We set off for the famous historical complex named Takht-e Soleiman, one of Takâb's oldest Zoroastrian fire temples. As we stood by the main entrance listening to Mr. Rovillé's explanations the cold wind which had been blowing since early morning started affecting some of us, particularly those who had left the hotel unprepared for such an unexpected cold weather, so after a few long minutes into his explanation Eleonore, Didier and I had to look for a sheltered place. This ultimately led to us to doing just part of the visit that followed.
Based on legendary stories, Takht-e Soleyman and its neighbouring historical attractions, which include a few mountains had been assigned to the prophet Soleyman. According to archaeological excavations there have been some settlements from the first millennium B.C to the Safavid era withing the complex, despite the fact that the most significant belong to the Sassanid (Pre-Islamic) and Ilkhanid (Mongol) periods.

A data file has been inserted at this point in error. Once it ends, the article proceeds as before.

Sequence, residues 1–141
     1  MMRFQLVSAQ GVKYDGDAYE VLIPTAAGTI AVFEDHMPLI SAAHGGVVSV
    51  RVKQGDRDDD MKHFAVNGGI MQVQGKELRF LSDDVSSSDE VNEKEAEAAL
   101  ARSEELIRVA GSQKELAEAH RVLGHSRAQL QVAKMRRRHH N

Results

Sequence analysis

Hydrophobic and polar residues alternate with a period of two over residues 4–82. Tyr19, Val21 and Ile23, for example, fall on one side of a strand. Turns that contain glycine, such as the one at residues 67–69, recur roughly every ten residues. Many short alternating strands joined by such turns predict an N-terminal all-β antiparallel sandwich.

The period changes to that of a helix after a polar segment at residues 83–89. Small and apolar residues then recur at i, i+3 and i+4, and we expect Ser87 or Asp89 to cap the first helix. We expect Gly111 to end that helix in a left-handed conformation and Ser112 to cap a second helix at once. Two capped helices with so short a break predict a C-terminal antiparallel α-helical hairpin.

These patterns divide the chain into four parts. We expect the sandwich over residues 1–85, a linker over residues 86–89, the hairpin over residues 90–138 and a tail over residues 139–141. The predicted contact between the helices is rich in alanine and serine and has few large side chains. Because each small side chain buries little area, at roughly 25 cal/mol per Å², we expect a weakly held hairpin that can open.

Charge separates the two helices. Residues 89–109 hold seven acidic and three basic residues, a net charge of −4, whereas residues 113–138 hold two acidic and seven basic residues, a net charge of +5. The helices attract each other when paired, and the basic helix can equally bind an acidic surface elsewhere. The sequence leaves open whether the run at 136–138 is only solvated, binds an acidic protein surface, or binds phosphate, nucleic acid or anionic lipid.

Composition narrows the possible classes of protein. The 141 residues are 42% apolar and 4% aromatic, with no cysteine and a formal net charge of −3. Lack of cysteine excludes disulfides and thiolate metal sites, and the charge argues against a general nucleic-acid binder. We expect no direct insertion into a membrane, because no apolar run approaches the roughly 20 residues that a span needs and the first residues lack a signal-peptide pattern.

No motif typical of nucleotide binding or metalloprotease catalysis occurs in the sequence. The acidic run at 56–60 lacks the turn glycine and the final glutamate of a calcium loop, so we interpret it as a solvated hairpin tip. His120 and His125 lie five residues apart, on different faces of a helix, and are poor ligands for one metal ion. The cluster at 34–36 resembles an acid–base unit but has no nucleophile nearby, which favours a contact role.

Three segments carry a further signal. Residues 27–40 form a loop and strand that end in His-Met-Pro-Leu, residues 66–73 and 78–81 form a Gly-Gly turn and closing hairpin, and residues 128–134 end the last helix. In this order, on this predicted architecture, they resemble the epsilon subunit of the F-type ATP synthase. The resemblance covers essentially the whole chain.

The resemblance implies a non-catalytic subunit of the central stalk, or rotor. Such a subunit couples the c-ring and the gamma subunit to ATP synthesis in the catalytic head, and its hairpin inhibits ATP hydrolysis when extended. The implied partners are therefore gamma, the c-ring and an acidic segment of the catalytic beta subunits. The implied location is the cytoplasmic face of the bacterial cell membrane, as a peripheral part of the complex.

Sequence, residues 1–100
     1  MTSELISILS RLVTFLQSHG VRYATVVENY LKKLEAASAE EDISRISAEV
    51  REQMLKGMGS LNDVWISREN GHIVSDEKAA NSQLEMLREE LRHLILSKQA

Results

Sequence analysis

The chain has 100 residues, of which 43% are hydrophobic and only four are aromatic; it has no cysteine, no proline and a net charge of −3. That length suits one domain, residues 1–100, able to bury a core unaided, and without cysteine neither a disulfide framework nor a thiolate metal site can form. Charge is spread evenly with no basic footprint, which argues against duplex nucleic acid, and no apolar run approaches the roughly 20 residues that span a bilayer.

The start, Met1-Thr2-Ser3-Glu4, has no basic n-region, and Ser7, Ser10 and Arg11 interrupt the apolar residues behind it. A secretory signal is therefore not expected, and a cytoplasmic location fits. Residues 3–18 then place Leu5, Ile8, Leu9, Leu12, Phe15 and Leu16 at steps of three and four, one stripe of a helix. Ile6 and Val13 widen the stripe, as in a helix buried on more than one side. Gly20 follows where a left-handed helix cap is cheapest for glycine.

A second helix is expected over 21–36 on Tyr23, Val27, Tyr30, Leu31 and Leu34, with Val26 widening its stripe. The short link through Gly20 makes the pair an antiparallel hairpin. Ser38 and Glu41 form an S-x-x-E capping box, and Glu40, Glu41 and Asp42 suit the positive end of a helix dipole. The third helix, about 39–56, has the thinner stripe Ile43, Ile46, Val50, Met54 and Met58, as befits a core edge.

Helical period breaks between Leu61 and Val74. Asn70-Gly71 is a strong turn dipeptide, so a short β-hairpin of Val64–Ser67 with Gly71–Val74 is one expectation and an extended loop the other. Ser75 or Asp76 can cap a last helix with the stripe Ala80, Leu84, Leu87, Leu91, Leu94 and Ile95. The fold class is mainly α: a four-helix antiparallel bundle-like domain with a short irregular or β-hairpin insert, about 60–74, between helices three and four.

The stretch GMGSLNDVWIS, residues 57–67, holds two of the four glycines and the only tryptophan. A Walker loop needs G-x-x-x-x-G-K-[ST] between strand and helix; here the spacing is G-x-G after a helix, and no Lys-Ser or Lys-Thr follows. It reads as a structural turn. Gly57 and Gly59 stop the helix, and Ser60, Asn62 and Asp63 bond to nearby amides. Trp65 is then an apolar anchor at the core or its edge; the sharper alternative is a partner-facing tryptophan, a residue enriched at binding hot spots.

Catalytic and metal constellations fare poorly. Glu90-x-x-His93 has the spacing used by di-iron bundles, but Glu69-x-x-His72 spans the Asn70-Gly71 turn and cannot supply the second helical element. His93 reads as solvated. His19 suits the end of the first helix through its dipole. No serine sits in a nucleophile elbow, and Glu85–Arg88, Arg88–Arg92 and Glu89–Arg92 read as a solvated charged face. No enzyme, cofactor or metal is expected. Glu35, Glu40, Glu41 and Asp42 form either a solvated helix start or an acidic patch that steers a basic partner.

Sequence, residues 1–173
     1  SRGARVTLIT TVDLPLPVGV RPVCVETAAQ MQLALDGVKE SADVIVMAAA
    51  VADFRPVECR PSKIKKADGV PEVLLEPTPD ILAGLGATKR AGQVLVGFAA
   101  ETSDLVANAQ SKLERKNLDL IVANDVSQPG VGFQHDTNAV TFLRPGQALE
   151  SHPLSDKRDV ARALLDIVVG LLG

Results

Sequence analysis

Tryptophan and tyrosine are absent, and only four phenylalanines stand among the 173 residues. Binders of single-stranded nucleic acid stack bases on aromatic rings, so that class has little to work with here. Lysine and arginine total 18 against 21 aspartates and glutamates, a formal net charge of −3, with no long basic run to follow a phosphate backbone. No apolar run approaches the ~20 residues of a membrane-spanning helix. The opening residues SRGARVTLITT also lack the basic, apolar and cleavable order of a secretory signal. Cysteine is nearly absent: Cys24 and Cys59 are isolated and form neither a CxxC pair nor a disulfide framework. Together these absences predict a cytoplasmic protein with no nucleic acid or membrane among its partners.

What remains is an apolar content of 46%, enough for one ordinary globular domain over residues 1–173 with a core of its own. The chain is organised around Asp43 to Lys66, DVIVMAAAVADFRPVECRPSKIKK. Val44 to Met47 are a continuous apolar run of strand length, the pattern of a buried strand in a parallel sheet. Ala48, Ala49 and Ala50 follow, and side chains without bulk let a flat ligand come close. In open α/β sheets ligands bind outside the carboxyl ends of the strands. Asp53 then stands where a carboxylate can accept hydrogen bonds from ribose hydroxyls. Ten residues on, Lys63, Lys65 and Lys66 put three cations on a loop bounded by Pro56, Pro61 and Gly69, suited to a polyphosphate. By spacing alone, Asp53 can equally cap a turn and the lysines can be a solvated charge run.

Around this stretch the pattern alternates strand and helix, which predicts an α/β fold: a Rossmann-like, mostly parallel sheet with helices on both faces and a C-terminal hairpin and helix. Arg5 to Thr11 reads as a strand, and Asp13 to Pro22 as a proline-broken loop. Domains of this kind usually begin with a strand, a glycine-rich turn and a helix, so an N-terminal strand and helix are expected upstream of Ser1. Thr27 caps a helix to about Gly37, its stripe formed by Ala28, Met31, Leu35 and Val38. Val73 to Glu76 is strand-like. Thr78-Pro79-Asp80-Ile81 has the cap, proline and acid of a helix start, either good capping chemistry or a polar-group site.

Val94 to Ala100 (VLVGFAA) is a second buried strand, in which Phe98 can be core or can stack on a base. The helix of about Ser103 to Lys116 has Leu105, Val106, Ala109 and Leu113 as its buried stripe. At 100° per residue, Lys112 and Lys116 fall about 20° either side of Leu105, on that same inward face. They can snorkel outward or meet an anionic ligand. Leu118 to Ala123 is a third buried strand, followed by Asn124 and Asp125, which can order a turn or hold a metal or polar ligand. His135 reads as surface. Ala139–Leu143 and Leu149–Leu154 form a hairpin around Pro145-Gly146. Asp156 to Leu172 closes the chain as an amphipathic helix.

The Azargoshnasb Zoroastrian fire temple is said to have been established in the Sassanid period and been mostly used by Kings and warriors for religious and national ceremonies. The Azaroshnasb fire temple, the temple of Anahita, the khosrow Ivan, the fortification and the Ilkhanid palaces are among the most considerable monuments in the complex.
We had the privilege of being approached by a group of Kurds and speak with them for a while in what turned out to be a fairly rich exhange of information regarding the three countries of the intervening actors in the conversation.
Because of a minor problem I ended up not joining the group in the afternoon having stayed at the hotel all afternoon.